Welcome to another entry in the “Dashing 5th Avenue” series. As usual, we are your Dashing Gentleman (me) and your 5th Avenue woman, ms. Ashley Lunt, bringing you another foray in the world of the classy, the stylish, and the luxurious. And in what better way is that world immortalized than in the form of media and in particular, the world of cinema? Movies have always been one of the most powerful and strongest representations of the classy lifestyle ever since it’s inception and it’s become such a strong part of most of our lives. As such, the lifestyles of the classy and the luxurious have been embodied and forever captured in some of the strongest and greatest films of all time and the definition of class has been enriched, envisioned, and changed forever by the world of the cinema. Thus, classy films are something that both myself and Ashley have always loved and recently been talking about so this seemed like a great chance to discuss this with the summer movie season hitting as well. So away we go….
1) What do you think of when you think of a ‘classy film’?
Ashley: This, I think, to some degree has to do with personal taste. For some I think something ‘classy’ is something that’s deeply artful and symbolic. For others it’s the black and white classics. To me it can be anything from a movie that boasts a significant amount of money (such as 50 Shades of Grey) sans ‘gangsta’ behavior (like the tv show ‘Ballers’). So, the range is wide but the criteria for me are these three basic elements: 1. Does the film count as something that promotes positive human behaviors or forces you to look into some new ideas or dark human truths? 2. Does it have some klout from age? 3. It better not be a ‘B list’ film.
Michael: For me, a ‘classy’ film can mean a lot of things. Classiness in film and cinema can take on many different forms and shapes and different kinds of films can be called classy. My main definition however is that it usually has to be a film with a certain upscale look and feel with all of its different elements coming together to form a stylish whole. The artistry, wardrobe, cinematography, music, time period, message, etc. Every piece of a film has a part to play in creating this classy immersion for the viewer no matter the genre or the style. It can be anything from the way ’50 Shades of Grey’ and ‘The Great Gatsby’ shows off the classier and sexier side of a luxurious lifestyle, the age and beautiful black and white cinematography of something from the 20s or the 30s, the artistry and sophisticated grandure of “Moulin Rouge” or “Pride and Prejudice”, or the dark and often troubling but fascinating ideas of “Alice in Wonderland” or “Cloud Atlas”. I would even classify ‘Back to the Future’ and ‘Alien’ as classy films along with ‘Gone with the Wind’ or either ‘Ocean’s 11’ movies simply for retro appeal and overall recognition. It just depends on many different factors, pieces, and (even as Ashley said above) personal taste in that what I might call classy, others might call hipster, bland, boring, or unusual. Either way, the pieces all need to fit together to shape the vision of sophistication in some form, even the overall product is mediocre or bad.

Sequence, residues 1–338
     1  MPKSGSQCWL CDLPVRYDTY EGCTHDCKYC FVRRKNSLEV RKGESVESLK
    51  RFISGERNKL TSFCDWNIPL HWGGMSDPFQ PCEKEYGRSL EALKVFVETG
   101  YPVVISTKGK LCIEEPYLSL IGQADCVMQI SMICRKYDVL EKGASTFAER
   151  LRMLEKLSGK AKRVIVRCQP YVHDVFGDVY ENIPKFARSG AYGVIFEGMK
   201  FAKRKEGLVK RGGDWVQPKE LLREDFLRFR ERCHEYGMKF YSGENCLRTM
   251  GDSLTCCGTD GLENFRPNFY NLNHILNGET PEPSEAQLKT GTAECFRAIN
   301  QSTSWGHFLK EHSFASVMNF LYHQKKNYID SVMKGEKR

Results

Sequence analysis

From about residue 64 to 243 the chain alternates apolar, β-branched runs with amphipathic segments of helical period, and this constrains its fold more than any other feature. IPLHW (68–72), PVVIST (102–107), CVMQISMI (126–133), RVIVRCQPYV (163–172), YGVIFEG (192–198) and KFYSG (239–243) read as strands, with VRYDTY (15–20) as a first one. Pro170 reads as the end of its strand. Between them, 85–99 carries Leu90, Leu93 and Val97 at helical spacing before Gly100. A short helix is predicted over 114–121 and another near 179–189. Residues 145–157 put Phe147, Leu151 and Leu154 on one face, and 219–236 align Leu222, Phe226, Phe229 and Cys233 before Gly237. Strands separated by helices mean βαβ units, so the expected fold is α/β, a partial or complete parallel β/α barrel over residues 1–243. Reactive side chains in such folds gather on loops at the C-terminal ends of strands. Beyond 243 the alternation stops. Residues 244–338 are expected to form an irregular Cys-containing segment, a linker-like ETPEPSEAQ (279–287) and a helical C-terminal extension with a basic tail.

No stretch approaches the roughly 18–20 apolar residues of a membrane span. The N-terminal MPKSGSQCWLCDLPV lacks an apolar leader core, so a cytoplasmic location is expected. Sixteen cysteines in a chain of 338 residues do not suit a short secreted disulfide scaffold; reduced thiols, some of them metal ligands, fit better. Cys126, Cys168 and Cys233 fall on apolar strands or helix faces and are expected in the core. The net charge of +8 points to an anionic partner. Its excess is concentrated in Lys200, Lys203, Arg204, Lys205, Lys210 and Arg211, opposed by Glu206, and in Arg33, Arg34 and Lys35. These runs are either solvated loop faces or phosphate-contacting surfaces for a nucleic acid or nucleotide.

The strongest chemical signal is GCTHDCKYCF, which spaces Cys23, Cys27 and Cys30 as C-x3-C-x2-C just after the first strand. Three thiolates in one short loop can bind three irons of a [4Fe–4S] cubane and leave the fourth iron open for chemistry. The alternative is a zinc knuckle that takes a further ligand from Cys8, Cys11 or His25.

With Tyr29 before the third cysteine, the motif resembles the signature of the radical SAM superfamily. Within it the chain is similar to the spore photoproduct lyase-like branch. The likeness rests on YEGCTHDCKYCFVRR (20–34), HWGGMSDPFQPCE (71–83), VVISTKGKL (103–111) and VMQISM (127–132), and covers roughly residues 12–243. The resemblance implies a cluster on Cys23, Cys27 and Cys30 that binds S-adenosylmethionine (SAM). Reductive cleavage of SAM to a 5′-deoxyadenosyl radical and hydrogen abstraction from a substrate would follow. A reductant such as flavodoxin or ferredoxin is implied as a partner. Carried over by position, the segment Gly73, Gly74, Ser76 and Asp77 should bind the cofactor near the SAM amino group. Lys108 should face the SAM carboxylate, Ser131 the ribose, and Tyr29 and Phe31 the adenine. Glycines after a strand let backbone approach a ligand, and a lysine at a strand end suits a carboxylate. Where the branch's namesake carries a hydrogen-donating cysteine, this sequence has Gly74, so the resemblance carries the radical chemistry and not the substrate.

2) Is a classy film necessarily a good one i.e does class influence quality?
Ashley: It’s hard to say, I don’t think so. A movie that I found recently and loved is ‘the loft’ and money is a big part of the plot as a whole but many people found the plot line to be campy and predictable. So, not at all. You could also have a pirate themed movie that though the setting isn’t ‘classy’ the quality of the movie could be incredible from cast and crew and materials used to film. So, I don’t think that the two go hand in hand.
Michael: Definitely not. I have seen bad movies that are extremely classy and supposed good or artsy films that are completely horrible in my opinion. For example, I wouldn’t call “50 Shades of Grey” a good movie by any means but it has such a stylized, classy, and sexy element to it in some of it’s stronger elements such as music, cinematography, and wardrobe that I can’t help but like it some degree and forgive it for a lot. However, a supposed artsy film such as those made by Harmony Korine may be considered artsy but are so bad and utterly worthless that even the name of the director makes me cringe. Class and quality in film in my mind are only tangentially linked.